Newspaper article St Louis Post-Dispatch (MO)

American Food a List of the Best

Newspaper article St Louis Post-Dispatch (MO)

American Food a List of the Best

Article excerpt

To be honest, when I first saw a copy of Mimi Sheraton's new book, "1,000 Foods to Eat Before You Die," my initial thought was that the illustrious former restaurant critic for the New York Times really wanted to call her book "1,000 Foods I've Eaten That You Haven't."

In fact, I immediately began scanning it, looking for the hoity- toity, esoteric foods from distant lands that she included as a way of establishing her culinary superiority. Things like sanguinaccio, a sweet blood pudding from Italy, or cervelles au beurre noir, a French dish of lamb brains in black butter.

I even carefully paged through the book, keeping count of how many of the items I have actually eaten. Four hundred and seven, as it happens, which is a lot more than I would have guessed from a book that includes sweet blood pudding and lamb brains.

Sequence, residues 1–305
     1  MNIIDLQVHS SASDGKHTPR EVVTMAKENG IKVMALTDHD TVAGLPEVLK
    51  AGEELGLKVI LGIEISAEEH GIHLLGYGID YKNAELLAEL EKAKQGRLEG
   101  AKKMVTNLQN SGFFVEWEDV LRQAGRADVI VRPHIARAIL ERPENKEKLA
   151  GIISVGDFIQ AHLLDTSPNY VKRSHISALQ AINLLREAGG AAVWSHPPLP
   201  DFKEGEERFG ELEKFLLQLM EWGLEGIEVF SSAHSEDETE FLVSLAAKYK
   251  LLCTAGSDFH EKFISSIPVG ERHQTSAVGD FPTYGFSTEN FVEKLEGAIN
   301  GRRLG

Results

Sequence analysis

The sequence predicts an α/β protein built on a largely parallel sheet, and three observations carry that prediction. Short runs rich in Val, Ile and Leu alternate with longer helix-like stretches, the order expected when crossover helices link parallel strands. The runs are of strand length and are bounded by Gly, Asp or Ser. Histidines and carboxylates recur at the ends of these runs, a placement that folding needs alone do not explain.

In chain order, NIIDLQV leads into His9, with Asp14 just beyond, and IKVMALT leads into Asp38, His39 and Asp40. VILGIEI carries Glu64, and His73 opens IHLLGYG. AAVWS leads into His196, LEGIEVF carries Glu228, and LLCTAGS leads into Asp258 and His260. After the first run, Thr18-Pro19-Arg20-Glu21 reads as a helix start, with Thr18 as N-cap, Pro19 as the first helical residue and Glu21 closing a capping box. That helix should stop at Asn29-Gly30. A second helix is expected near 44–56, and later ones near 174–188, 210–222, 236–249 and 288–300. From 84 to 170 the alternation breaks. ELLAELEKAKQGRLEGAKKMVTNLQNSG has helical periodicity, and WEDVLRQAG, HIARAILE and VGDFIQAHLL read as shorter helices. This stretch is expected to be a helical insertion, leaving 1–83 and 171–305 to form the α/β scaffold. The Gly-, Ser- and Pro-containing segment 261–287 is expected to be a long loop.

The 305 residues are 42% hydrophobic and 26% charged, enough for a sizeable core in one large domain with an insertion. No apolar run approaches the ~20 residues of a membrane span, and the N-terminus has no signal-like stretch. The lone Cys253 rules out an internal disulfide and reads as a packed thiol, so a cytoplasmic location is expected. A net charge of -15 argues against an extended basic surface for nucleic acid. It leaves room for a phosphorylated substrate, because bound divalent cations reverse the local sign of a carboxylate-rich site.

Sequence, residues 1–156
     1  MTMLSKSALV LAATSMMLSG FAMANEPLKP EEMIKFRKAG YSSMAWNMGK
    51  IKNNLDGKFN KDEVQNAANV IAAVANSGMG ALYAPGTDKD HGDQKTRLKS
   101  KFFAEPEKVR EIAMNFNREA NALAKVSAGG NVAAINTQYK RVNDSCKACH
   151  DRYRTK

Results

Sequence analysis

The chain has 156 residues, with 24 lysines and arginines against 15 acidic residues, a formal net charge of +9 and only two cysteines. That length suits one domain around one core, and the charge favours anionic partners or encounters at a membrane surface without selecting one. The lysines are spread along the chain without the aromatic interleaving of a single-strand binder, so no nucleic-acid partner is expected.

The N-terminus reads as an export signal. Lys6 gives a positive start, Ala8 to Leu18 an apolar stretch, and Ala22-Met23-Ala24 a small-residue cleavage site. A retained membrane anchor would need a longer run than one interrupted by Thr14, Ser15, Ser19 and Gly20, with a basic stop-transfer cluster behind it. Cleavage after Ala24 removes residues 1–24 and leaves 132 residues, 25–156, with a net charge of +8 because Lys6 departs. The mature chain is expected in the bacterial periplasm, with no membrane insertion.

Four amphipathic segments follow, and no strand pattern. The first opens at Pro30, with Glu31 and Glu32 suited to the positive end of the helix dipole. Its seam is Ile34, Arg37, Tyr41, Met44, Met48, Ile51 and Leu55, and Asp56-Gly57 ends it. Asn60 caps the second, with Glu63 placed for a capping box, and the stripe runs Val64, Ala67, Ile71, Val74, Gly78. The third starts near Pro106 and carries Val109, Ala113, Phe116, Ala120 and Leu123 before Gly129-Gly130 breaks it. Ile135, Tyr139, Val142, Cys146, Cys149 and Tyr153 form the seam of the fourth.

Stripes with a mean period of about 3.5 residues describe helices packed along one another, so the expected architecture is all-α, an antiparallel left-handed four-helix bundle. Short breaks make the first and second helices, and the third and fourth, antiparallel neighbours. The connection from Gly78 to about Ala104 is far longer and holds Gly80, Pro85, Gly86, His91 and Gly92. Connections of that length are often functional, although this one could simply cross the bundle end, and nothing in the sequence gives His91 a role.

But then I got to the section in the book about American foods, and I was instantly hooked. What foods would Sheraton pick as quintessentially American? Which foods would she recommend to people on these shores and those from distant ones that they should eat at least once before they die?

How about cinnamon toast? Or chocolate cream pie? Or a hot fudge sundae?

These are not foods that we immediately think of as being distinctly American. No one says "it's as American as cinnamon toast." Though, come to think of it, she does include apple pie in the book, too, calling it "the most American dessert." The closely related apple brown betty also gets a mention, along with apple pandowdy, which dates to colonial days and which, as far as I can recall, I have never eaten. Or heard of.

I won't be the wiseguy who points out that apple pie was originally English. We have certainly made it our own, and there are few things we can eat that are more genuinely American. Hamburgers and hot dogs, maybe, and both of those German imports are also in the book.

As for cinnamon toast, chocolate cream pie and hot fudge sundaes, all of them are truly American. All of them should definitely be eaten before you die. And for all I know, the concept of sprinkling cinnamon and sugar on buttered toast may be as foreign to someone from, say, Sweden, as eating sweet blood pudding is to us. …

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